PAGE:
We join this episode of As The ARC Turns already in the progress…
When last we heard from New Jersey Gov. Chris Christie, he had recently announced a plan to borrow billions after quashing ARC over concerns over cost overruns. The federal government had asked Christie to return $271 million in New Starts funding, but Christie balked at the request. Today, he fired back in a big way.
“We are not paying the money back,” the New Jersey Governor said on Ask the Governor yesterday, and today, the state’s lawyers made that position official. In a 55-page filing, embedded at the end of this post, New Jersey insists that it both cannot afford to pay back the $271 million and is not legally required to do so.
Jim O’Grady from WNYC has more:
Tuesday’s submission to the FTA, filed by Washington, D.C., law firm Patton Boggs, argues no repayment is required because the project was cancelled for reasons beyond the governor’s control — or more precisely, of New Jersey Transit’s, which was overseeing the project. It was the project’s estimated over-runs in a time of “severe financial stress” for New Jersey that made shutting down the project unavoidable, the filing argues.
The filing further claims the FTA is only authorized to ask for money classified as New Starts funds and that $225.5 million of the $271 million doesn’t fit that description. “The FTA overstates the funds that are even at issue and makes a demand for repayment that is far broader than authorized by statute,” read a statement accompanying the filing.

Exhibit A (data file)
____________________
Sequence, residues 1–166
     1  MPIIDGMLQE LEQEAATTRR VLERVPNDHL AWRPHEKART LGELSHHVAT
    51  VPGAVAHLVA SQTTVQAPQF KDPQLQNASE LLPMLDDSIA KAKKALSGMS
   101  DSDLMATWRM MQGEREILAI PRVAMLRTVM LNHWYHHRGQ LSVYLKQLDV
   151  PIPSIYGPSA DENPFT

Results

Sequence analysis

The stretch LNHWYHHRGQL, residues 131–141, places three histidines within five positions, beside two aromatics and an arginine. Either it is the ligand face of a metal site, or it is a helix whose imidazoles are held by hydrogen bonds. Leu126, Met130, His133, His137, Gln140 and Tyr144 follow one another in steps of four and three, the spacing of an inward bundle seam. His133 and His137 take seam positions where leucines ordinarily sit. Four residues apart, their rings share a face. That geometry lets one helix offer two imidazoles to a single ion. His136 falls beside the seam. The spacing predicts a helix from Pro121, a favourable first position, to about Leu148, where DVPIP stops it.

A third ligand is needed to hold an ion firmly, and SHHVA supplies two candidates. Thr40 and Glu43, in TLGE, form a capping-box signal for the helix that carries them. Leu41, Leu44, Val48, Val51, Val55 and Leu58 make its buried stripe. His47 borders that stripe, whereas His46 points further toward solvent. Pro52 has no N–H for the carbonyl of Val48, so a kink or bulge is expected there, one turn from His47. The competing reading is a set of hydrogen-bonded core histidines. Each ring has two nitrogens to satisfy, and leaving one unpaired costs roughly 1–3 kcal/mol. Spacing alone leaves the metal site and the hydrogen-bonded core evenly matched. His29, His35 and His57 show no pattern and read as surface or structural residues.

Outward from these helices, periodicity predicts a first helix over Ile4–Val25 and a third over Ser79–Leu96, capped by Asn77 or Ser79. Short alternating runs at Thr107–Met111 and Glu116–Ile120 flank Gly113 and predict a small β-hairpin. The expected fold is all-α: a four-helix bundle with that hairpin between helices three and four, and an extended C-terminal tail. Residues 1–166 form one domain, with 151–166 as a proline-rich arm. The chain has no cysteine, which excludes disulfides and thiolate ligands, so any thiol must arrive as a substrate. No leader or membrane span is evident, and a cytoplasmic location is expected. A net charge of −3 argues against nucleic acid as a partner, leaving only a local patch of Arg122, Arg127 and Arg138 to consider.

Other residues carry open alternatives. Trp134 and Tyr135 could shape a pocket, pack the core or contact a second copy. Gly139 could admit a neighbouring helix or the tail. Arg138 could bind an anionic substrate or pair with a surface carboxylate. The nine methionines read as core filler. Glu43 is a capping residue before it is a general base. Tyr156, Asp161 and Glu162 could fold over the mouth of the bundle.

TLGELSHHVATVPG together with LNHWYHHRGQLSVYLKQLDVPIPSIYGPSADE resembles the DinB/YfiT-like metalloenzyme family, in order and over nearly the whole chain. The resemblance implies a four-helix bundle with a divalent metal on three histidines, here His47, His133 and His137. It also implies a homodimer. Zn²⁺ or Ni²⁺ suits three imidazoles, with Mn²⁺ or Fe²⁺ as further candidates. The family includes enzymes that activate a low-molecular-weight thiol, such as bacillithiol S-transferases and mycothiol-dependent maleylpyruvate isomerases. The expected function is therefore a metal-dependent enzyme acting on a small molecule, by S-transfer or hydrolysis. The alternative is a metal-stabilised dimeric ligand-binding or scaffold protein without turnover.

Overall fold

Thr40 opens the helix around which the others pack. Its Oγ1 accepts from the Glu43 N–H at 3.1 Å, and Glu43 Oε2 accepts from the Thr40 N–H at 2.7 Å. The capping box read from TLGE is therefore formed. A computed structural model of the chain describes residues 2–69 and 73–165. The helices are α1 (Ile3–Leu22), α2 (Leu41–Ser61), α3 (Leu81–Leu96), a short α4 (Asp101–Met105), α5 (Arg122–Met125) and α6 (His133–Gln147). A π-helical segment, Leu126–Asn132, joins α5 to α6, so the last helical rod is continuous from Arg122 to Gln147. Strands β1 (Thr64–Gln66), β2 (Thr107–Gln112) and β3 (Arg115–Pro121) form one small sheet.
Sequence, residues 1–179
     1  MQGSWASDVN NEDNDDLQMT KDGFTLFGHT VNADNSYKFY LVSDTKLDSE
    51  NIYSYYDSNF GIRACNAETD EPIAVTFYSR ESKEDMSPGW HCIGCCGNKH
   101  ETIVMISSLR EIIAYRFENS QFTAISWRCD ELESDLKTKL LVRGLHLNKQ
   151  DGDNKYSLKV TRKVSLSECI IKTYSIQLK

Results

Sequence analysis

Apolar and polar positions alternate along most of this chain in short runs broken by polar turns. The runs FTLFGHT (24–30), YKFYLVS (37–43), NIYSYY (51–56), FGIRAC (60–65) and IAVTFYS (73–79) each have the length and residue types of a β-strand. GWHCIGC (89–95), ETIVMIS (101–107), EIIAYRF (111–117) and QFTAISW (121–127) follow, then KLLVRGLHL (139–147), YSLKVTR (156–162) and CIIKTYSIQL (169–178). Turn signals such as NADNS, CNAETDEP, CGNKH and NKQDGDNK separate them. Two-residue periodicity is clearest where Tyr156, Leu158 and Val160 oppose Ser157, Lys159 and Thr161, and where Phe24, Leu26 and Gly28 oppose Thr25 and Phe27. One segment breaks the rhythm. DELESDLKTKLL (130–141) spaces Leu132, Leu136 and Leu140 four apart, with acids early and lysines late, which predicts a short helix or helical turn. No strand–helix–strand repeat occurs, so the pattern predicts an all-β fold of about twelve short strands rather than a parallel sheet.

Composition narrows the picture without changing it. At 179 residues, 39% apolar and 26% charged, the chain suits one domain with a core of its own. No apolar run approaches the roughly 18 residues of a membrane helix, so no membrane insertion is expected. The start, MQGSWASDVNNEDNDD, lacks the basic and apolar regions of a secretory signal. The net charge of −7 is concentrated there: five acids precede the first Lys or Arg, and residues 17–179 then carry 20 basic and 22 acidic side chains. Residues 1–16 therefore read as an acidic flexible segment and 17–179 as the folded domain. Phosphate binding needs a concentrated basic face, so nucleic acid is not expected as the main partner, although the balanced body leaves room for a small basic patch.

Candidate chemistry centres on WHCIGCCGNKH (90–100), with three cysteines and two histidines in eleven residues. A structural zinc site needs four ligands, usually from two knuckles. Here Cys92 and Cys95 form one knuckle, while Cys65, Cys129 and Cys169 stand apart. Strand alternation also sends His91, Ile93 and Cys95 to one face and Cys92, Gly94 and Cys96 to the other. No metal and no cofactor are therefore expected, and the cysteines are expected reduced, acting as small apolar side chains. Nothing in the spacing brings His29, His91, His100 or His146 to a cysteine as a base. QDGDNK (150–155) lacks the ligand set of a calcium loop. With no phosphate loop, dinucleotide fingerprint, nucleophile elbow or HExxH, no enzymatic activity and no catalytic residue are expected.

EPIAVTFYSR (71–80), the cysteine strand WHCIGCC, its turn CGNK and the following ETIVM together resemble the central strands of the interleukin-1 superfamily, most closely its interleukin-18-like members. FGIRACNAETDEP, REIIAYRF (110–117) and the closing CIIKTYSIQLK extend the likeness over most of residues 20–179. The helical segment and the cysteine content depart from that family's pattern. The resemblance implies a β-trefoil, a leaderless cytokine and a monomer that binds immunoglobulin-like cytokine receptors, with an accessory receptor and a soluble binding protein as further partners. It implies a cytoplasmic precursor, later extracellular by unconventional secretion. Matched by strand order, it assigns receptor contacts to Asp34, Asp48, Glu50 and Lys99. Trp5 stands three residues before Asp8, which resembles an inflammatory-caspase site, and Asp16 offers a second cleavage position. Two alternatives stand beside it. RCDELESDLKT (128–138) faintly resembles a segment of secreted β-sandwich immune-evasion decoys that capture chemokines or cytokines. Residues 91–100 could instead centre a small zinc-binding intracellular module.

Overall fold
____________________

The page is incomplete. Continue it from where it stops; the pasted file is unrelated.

Christie is also claiming that preliminary engineering for the ARC tunnel is proving useful to the study of other projects, such as the proposed extension of the No. 7 subway line from Manhattan to New Jersey and upgrades to Amtrak service in the Northeast Corridor.
Ultimately, the submission says that New Jersey is not in a fiscal position to remit the money, even if it will get half of it back. “Repaying any amount would be deeply counterproductive and harmful to the citizens and taxpayers of NJ,” it states. “The work produced with these funds has enduring value to future projects. Moreover, compelling NJT to repay these funds will force NJT to cancel projects it can afford to undertake to reduce congestion, enhance the condition of critical infrastructure and create needed jobs.”
The FTA has yet to comment.
Meanwhile, Christie let slip this week that he has had talks with the Bloomberg Administration over the mayor’s plan to send the 7 to Secaucus. He didn’t say much, but his words offer up a tantalizing glimpse at a project I still think is a pie-in-the-sky fantasy.
“We’re having conversations with Mayor Bloomberg and others regarding the extension of the No. 7 train to Secaucus, New Jersey, which would do what we really wanted the ARC tunnel to do originally,” the governor said. “We’d like to get [commuters] in a more efficient way over to the East Side of Manhattan,” he said. “That was the original ARC plan. It got morphed into this plan that has a multibillion-dollar terminal in the basement of Macy’s, blocks away from any other connecting train.”
After the jump, read New Jersey’s filings with the FTA.